Data models predict huge COVID-19 spike, but it's not all bad news

The number of infections caused by the COVID-19 omicron variant could quadruple, according to model data from the Institute for Health Metrics and Evaluation, but there is a glimmer of hope in the data.

Data for Texas shows a significant spike in daily cases, from an average of between 60,000 and 80,000 to nearly 280,000 new cases per day after the beginning of the year. That peak could start to subside in mid-January to early February, according to the model.

Despite the significant spike in cases, daily deaths actually trend down due to milder symptoms and protection provided by the vaccine and boosters.

Hospital bed availability also improves, despite the spike in cases. ICU bed use trends down as well.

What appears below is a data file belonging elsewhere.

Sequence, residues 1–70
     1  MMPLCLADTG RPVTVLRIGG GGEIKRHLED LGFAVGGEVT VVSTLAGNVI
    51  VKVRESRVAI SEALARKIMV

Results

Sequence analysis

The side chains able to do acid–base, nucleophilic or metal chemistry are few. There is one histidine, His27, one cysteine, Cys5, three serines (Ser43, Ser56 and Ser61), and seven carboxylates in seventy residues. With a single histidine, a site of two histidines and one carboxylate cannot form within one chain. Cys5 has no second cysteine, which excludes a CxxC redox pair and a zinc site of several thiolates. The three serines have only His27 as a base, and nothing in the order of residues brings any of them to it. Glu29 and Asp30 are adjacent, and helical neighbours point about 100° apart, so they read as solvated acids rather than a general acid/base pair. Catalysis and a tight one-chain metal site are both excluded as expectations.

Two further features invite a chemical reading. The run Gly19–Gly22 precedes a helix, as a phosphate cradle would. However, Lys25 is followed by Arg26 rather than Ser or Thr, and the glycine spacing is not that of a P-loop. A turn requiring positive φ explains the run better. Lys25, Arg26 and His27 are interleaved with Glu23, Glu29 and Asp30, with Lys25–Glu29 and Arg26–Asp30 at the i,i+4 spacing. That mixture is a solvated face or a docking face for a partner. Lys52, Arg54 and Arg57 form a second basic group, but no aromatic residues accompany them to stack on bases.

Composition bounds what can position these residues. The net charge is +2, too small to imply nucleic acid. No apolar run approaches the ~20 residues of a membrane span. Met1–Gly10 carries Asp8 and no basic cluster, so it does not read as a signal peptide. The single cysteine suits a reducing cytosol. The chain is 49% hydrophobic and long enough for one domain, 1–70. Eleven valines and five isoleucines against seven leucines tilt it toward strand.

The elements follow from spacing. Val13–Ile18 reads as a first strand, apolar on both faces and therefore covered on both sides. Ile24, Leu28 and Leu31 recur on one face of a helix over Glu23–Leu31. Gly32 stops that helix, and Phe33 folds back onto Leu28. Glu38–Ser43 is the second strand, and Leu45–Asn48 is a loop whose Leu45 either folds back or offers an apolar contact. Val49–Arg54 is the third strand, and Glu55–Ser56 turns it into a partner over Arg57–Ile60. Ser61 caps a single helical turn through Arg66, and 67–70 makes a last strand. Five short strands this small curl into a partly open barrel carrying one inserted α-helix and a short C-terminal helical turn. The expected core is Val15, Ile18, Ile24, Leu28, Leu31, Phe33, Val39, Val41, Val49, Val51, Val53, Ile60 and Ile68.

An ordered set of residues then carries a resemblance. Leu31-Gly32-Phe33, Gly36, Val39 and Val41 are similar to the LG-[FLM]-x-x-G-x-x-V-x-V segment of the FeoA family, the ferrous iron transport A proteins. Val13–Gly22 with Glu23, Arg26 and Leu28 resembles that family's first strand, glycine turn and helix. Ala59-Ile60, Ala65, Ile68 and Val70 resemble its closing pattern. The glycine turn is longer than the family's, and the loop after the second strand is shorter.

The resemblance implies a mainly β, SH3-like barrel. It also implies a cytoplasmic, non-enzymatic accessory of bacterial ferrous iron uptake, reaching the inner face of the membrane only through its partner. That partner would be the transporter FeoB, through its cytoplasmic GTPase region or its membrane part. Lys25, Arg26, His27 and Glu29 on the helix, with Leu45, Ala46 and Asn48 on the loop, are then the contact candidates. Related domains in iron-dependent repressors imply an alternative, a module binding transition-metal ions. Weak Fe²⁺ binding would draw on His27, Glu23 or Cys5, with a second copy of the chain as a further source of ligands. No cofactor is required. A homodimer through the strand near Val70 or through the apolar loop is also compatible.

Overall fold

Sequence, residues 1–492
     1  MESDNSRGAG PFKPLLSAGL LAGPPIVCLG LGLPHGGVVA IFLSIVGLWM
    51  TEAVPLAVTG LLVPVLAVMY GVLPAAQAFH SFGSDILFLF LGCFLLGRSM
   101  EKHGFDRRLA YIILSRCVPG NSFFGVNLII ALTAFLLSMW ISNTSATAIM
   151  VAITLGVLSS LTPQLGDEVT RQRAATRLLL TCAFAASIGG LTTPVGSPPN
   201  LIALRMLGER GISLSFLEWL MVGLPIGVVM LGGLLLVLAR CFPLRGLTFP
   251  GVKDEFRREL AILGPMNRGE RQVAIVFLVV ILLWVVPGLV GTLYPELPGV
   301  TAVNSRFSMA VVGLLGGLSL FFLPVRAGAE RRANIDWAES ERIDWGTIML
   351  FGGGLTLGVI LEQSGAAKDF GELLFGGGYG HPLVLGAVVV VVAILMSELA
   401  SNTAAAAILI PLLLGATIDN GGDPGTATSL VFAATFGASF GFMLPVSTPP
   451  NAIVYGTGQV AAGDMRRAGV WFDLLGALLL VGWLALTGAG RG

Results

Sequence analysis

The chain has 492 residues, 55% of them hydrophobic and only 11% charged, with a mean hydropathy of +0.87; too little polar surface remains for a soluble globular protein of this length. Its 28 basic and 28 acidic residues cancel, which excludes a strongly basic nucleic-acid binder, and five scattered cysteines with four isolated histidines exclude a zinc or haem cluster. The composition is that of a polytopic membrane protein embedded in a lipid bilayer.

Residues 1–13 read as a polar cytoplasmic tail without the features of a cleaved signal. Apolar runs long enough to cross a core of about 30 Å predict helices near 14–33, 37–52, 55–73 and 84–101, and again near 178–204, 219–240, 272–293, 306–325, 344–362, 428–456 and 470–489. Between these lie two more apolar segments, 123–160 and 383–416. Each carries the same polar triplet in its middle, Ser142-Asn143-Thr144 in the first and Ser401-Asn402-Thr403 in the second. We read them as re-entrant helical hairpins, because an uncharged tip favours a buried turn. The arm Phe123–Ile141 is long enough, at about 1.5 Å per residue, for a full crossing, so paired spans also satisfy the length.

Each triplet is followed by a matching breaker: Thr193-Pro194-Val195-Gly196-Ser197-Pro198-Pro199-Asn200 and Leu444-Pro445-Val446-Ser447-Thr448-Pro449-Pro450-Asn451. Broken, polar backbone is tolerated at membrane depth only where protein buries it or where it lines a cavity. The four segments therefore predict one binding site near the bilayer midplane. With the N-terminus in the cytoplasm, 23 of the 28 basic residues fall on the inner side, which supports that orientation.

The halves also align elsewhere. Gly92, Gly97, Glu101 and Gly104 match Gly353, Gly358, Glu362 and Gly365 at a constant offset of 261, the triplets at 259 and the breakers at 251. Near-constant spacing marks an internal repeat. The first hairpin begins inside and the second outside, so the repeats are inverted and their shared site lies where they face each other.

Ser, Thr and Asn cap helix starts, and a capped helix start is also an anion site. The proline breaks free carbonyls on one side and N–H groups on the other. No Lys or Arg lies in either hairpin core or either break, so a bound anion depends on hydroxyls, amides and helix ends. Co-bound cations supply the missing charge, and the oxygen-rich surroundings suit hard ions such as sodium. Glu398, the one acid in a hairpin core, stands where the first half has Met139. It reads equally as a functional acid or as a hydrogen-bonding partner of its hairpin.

The news comes on the same day as some drug shortages are reported around Texas.

The Texas Department of Health and Human Services said centers in Austin, El Paso, Fort Worth, San Antonio and the Houston area have run out of Sotrovimab, which is the monoclonal antibody treatment effective against omicron.

RELATED: COVID antibody Sotrovimab treatment is in low supply in Texas

The agency says the treatment cannot be offered until January, when the next shipment of the drug is expected to arrive from the federal government.

Antibody drugs for coronavirus variants other than omicron are still available, the agency said.

Supply of the drug is "extremely limited, and additional doses of the product will not be available until the week of January 3rd," the U.S. Department of Health and Human Services said in a statement posted online.

The Associated Press contributed to this article.
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